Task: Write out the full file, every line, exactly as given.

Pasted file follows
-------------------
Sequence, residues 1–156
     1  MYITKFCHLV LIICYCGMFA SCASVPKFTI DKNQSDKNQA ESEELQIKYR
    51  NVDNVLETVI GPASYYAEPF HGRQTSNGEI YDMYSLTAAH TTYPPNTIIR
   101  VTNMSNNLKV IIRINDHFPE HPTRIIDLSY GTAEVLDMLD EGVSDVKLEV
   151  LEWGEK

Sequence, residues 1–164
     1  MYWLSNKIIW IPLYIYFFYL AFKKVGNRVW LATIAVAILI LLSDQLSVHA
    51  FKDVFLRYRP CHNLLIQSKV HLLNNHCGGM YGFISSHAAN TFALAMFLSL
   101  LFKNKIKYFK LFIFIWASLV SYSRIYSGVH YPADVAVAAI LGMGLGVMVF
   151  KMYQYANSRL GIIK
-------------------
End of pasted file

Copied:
Sequence, residues 1–156
     1  MYITKFCHLV LIICYCGMFA SCASVPKFTI DKNQSDKNQA ESEELQIKYR
    51  NVDNVLETVI GPASYYAEPF HGRQTSNGEI YDMYSLTAAH TTYPPNTIIR
   101  VTNMSNNLKV IIRINDHFPE HPTRIIDLSY GTAEVLDMLD EGVSDVKLEV
   151  LEWGEK

Sequence, residues 1–164
     1  MYWLSNKIIW IPLYIYFFYL AFKKVGNRVW LATIAVAILI LLSDQLSVHA
    51  FKDVFLRYRP CHNLLIQSKV HLLNNHCGGM YGFISSHAAN TFALAMFLSL
   101  LFKNKIKYFK LFIFIWASLV SYSRIYSGVH YPADVAVAAI LGMGLGVMVF
   151  KMYQYANSRL GIIK